And finally, on the frozen shores of Lake Superior at Michipicoten harbour. This photo is taken from the modern dock at Michipicoten, which was built as a coal dock in 1929 (and extended in size several times over the years) to replace the original ore dock. From the 1920s to the 1960s, this was a port to bring in coal to fuel northern Ontario paper mills and also for CNR locomotive coal for northern terminals. In 1939 when the sinter plant was constructed at Wawa, an ore unloading bridge was added to tranship ore from rail to ship. It’s too bad there were no slides that showed the opposite direction, looking towards the old facilities on the coal dock – a video I have from the late 1980s shows that some remnants of the old steel work was abandoned but actually still standing at this time. By the 1980s all of the previous operations at Michipicoten had been abandoned but the dock continued to see significant traffic. Self-unloading ships depositing huge stockpiles of limestone, coke and other ore fines on the dock, and these were loaded into hoppers using large front-end loaders and shipped as required to Wawa to support the operations of the sinter plant there.

The old rotting wooden dock visible in the above photo is the remains of the original commercial dock, abandoned some time in the late 1950s or early 1960s

Notes on an old Slide Collection II: Hawk Junction

More photos, all related to Hawk Junction.


Hawk Junction, winter 1980/81. Photographer unknown, Chris vanderHeide collection.

A northbound freight with 3 SDs pulls into Hawk Junction yard. This photo clearly shows the relation of the south end of the yard to the nearby river.


Hawk Junction, September 30, 2013. Chris vanderHeide photo.

Nearly 33 years later, and the trees have grown in quite a bit along the river bank.


Hawk Junction, winter 1980/81. Photographer unknown, Chris vanderHeide collection.

Hawk Junction station. Interestingly, there are no name boards mounted on the station at the time this photo was taken.

Compare to today, the station is largely unchanged, except for some new floodlights on the front and the large communications antenna erected at the south end of the building. Oh, and proper name boards. 😉


Hawk Junction, October 1, 2013. Chris vanderHeide photo.


Hawk Junction, winter 1980/81. Photographer unknown, Chris vanderHeide collection.

Parking lot behind the station, with a view down the main street in town. Note the corner of the structure at the extreme left, which is the modern crew bunkhouse at Hawk:


Hawk Junction, October 1, 2013. Chris vanderHeide photo.

That pretty conclusively dates this structure’s existence at least to the late 1970s.


Hawk Junction, winter 1980/81. Photographer unknown, Chris vanderHeide collection.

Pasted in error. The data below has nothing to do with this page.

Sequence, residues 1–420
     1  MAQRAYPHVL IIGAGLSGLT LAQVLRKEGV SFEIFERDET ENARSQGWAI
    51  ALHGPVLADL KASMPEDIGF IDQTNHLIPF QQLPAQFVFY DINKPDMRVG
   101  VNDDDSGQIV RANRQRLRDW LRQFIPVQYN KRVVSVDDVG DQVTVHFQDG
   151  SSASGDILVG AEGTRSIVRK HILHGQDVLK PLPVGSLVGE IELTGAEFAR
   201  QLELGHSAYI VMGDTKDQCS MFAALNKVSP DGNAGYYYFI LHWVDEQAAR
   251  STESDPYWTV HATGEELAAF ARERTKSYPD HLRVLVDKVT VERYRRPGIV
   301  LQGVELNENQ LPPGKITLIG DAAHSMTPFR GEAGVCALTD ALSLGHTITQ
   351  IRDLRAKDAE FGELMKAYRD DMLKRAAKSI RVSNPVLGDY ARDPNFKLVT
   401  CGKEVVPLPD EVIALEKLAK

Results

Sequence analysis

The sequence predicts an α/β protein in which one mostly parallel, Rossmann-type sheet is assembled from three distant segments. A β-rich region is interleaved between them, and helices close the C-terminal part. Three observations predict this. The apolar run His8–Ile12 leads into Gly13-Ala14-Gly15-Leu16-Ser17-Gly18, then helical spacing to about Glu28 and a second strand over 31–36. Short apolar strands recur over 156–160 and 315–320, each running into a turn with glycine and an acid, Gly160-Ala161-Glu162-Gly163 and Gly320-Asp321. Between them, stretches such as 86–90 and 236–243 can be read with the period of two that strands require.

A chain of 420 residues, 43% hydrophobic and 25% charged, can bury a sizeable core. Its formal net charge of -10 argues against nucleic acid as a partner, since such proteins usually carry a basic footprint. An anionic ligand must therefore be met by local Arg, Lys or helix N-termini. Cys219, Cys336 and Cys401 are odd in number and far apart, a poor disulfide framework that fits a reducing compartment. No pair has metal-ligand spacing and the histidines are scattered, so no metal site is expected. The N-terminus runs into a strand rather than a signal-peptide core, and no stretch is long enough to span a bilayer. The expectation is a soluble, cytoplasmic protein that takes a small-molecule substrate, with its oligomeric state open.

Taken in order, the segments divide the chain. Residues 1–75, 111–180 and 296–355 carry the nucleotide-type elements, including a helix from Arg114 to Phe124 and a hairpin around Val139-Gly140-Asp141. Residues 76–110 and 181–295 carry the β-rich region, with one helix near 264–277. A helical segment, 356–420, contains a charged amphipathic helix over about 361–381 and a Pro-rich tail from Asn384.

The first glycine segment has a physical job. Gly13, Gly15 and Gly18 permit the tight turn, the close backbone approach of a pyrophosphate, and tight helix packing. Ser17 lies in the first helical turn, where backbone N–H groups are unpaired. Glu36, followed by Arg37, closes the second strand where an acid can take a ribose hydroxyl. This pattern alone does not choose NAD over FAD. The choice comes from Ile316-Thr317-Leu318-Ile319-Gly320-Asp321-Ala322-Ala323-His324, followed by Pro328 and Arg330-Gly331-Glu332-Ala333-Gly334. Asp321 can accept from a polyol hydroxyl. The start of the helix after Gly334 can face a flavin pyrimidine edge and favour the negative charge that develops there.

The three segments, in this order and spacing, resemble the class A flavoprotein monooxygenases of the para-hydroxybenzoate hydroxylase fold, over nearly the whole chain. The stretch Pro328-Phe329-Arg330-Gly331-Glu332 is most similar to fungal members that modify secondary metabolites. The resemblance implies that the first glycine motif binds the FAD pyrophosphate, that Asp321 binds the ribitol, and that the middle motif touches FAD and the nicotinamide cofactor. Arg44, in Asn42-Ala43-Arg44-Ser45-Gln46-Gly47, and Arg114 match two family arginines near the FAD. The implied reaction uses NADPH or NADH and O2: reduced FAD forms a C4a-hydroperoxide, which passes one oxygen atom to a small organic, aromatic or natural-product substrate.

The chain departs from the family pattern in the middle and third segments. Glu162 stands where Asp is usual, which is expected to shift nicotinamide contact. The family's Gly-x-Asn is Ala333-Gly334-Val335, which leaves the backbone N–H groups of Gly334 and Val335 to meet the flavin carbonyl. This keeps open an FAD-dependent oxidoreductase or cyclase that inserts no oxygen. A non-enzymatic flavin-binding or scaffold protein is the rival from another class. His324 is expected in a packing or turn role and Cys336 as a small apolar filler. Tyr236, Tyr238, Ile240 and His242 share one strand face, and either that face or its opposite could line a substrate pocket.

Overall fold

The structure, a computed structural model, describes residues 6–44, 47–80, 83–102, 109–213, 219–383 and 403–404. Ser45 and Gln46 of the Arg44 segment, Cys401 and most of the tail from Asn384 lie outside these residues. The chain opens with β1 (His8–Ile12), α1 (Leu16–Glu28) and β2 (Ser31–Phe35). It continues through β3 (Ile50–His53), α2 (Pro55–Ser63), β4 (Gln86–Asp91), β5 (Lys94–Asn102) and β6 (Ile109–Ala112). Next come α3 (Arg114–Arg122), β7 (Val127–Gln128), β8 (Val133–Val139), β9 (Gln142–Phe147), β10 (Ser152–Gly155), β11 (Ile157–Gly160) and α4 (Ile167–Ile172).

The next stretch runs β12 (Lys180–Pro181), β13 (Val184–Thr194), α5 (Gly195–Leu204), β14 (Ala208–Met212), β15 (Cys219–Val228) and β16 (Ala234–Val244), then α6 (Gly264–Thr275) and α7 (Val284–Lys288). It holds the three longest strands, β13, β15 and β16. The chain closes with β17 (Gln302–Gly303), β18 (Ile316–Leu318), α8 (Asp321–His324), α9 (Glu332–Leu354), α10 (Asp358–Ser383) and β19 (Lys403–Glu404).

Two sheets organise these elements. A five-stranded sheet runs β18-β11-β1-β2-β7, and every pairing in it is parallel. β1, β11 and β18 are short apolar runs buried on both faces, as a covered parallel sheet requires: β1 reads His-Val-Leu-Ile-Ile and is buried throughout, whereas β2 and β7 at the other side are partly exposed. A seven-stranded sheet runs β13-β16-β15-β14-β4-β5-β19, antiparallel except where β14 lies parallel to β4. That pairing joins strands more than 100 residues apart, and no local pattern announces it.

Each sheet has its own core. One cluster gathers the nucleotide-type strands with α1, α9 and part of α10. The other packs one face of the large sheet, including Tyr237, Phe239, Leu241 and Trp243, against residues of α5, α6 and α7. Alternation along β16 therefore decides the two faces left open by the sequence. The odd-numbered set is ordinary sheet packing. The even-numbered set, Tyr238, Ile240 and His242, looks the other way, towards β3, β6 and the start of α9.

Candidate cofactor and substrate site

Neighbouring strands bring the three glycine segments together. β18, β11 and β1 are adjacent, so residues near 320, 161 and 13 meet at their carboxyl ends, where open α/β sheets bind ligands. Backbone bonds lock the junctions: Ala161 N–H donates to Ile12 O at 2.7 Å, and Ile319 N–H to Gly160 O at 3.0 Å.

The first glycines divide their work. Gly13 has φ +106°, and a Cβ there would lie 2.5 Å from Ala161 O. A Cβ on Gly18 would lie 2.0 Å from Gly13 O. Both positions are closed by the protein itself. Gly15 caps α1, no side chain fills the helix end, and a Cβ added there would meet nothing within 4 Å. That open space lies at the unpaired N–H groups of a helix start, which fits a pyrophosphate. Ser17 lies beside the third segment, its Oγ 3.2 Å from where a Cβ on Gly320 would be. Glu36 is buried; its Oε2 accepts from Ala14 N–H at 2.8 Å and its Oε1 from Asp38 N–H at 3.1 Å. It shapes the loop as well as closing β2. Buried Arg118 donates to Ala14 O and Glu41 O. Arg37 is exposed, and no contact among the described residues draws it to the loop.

This was one of those photos that had me mystified as to its location at first, as the box of slides was completely jumbled and in random order. Once the slides were put in sequence and I realized this was smack in the middle of a large group of other slides all taken at Hawk Junction, it became clear as day.

This view shows gondolas being loaded with pulpwood on the old team track at Hawk Junction. The grey structure is the former freight shed and the track at left, also filled with gons on this day, is the shed track. Unfortunately there are very little photos of the Hawk freight shed available. The only other photo I’ve found so far is this 1984 photo online, taken from another cab ride on the ACR.


Hawk Junction, winter 1980/81. Photographer unknown, Chris vanderHeide collection.


Hawk Junction, winter 1980/81. Photographer unknown, Chris vanderHeide collection.

Looking northward at the actual junction switch at Hawk Junction. The cars at left are spotted in the shed track; this is basically the reverse view of the previous photo of the freight shed and pulpwood gondolas. The Michipicoten Subdivision rises away at dead centre. (Click on the photo to bring up the large size for a better view.)

Note how the Michipicoten sub diverges from the main line at the junction switch at exact centre of the image. (The first track to the right with cars on it is actually the Northern Subdivision main; a train, probably made up and prepared to head south, is currently blocking the main track.)

When I rode the passenger train at the beginning of October, I had a hard time reconciling the current track arrangement with my memory of photographs such as the above image and similar images mostly from the 1970s plus track maps and older aerial photos in some of the published books on the ACR.


Hawk Junction, October 1, 2013. Chris vanderHeide photo.